After eleven years, Brenda Jensen is finally able to speak with her own voice, but she's using someone else's larynx to do it. Over a two day period in October at the UC Davis Medical Center, nearly two dozen medical professionals worked to transplant a larynx (voice box), thyroid, and trachea into Jensen. The 52 year old woman had damaged her own larynx after repeatedly pulling out a breathing tube during a hospital stay eleven years prior. She's spent the last decade breathing through a tracheotomy tube and speaking with a handheld device that made her sound like a robot. Now, she feels human once again. Her team of surgeons recently gave a press conference on her case. You can hear Brenda Jensen for yourself in the two news clips below. This remarkable surgery is just the latest example of how medicine will one day be able to replace or repair any part of your body.
Jensen's 18 hour operation took place over two days and featured a dream team of doctors from the US and Europe. The delicate procedure required the surgical team to connect the implanted trachea, thyroid, and larynx to both the cardiovascular and nervous system - including five nerves, three arteries, and two veins. As remarkable as this highly precise surgery was, it was actually the second larynx transplant on record. The first was performed in 1998 on Tim Hiedler (aged 40) at the Cleveland Clinic. As with Hiedler, Jensen's post-transplant voice is her own. A person's unique sound is decided by the nose, throat, and mouth, not necessarily the vocal chords.
In the three months since her surgery, doctors report Jensen is doing well. According to UC Davis Medical Center, she will continue to breathe through the tracheotomy tube and eat through a feeding tube until her throat can be trained to swallow, inhale, and exhale properly. She may take considerable time to fully recover, but doctors believe that she will eventually be able to eat, drink, speak, and breathe normally. She'll even be able to swim again, something Jensen has had to avoid (along with showers) for more than a decade.
What makes Jensen's story so remarkable, besides her obvious joy at reclaiming her voice, is how rarely such transplants are attempted. Due to the nature of the replacement parts being donated from someone else, Jensen is required to be on immunosuppressants for the rest of her life. As she is already a kidney and pancreas transplant recipient, however, she was faced with such a regimen anyway. Also, in the last few decades, throat surgery has progressed such that many incidences of injury to the larynx can be fixed without a transplant. Improvements in chemotherapy have likewise reduced the prevalence of people who lose their voices due to throat cancer.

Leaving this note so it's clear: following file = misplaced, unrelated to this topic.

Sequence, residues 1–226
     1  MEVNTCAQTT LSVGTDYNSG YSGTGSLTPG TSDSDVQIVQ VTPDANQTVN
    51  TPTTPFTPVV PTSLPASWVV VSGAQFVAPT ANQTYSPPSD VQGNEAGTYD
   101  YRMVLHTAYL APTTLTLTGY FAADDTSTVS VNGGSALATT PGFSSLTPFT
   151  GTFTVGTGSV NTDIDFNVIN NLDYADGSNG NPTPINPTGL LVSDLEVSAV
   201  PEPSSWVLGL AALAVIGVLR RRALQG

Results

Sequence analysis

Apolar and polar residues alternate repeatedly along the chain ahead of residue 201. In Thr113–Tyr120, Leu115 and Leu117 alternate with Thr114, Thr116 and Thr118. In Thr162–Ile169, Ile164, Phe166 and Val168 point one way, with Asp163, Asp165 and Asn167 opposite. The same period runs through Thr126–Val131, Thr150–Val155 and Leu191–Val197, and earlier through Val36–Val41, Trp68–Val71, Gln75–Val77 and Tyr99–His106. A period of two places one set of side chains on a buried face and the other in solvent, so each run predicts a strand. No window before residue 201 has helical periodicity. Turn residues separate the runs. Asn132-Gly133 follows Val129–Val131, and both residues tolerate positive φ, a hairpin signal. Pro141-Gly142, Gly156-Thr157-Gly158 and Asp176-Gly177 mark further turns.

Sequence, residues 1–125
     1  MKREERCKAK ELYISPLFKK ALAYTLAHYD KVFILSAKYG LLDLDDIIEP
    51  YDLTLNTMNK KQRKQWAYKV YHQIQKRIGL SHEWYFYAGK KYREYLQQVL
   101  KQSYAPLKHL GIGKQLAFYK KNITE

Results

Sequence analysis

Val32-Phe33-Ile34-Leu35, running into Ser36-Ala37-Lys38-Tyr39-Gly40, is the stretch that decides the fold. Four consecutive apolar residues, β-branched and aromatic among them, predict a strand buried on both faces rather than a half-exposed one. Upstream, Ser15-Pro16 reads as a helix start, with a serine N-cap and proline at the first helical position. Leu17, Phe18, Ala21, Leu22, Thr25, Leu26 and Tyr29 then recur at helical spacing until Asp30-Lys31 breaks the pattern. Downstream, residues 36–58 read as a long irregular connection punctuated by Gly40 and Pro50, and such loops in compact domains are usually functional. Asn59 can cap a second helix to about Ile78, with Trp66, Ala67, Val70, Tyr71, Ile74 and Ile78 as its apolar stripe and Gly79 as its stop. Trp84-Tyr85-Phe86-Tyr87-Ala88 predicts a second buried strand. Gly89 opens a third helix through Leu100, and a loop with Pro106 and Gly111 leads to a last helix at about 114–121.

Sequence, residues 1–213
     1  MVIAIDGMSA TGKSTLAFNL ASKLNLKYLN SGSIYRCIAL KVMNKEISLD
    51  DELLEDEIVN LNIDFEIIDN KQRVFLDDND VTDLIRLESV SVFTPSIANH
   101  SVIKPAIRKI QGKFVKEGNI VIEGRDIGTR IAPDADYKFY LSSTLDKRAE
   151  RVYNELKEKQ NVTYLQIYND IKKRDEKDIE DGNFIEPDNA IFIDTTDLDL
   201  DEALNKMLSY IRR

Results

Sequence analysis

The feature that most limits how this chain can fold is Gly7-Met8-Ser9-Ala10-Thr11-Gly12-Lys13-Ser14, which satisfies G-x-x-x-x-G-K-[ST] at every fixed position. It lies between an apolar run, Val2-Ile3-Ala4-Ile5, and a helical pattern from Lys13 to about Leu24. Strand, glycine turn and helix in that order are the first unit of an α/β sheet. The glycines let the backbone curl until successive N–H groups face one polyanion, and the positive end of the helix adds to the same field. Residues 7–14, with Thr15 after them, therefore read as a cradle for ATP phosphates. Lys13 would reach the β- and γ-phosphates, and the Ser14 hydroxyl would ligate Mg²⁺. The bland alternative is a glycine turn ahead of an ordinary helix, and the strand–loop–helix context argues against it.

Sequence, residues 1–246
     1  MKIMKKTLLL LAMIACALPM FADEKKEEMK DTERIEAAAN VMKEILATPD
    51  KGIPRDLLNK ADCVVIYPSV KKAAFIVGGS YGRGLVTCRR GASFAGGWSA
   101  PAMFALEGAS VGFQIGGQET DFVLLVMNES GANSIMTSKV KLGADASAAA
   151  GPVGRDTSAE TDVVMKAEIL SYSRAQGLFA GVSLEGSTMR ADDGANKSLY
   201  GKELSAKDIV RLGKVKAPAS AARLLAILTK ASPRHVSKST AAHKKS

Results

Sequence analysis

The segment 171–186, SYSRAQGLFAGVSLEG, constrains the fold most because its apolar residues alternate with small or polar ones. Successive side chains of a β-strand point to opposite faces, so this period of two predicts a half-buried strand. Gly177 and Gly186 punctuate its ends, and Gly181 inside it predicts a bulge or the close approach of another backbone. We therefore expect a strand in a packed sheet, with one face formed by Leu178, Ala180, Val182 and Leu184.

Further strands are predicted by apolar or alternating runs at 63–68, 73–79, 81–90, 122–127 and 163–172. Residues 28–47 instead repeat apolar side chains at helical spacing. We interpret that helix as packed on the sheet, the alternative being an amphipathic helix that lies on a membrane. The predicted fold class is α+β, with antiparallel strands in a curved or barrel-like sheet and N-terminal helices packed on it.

So is this surgery simply a fluke? A bizarre testament to the surgical advances of the past quarter century? No, it's a bit more. During the complex and delicate operation, and over the long period of rehabilitation, Jensen's transplant gives doctors a look into the workings of the human throat. The nerve connections, the blood vessel connections, the process for gaining control of the larynx - these provide new insights that will inspire other surgeries and techniques. According to Paolo Macchiarini, one of the surgeons involved, "Not only is it highly relevant for future transplants, it offers us insights that may one day lead to using stem cells to repair the voicebox and surrounding areas in the throat."
When it comes to stem cells and the throat, Macchiarini knows what he's talking about. Last year he was the leader of a team that grew a new trachea in a 10 year old boy using the child's own stem cells. As he stated in regards to the Jensen case, “Being able to restore nerves and reconnect blood vessels in and around the larynx and trachea, and have it all work, was a real test.” Perhaps this most recent operation will lead to further remarkable work from Macchiarini in the near future.
Whether it incorporates stem cells, bionic devices, or animal spare parts, the future of surgery is going to become even more complex and far-ranging. We've already seen hand transplants, full face transplants, and dozens of other complicated procedures that would have seemed mythical had they been attempted fifty years earlier. Some progress will come from improved surgical instruments (including robots), some will arise from improved knowledge of cells, but much of it could still come from simple human ingenuity. The opportunities for ground-breaking transplants such as this one may be rare, but they will provide the fuel for many more medical innovations in the future. Congratulations on your restored voice Ms. Jensen, and best wishes to everyone on this project.
[image credits: UC Davis Medical Center]
[sources: UC Davis Medical Center, ABC News]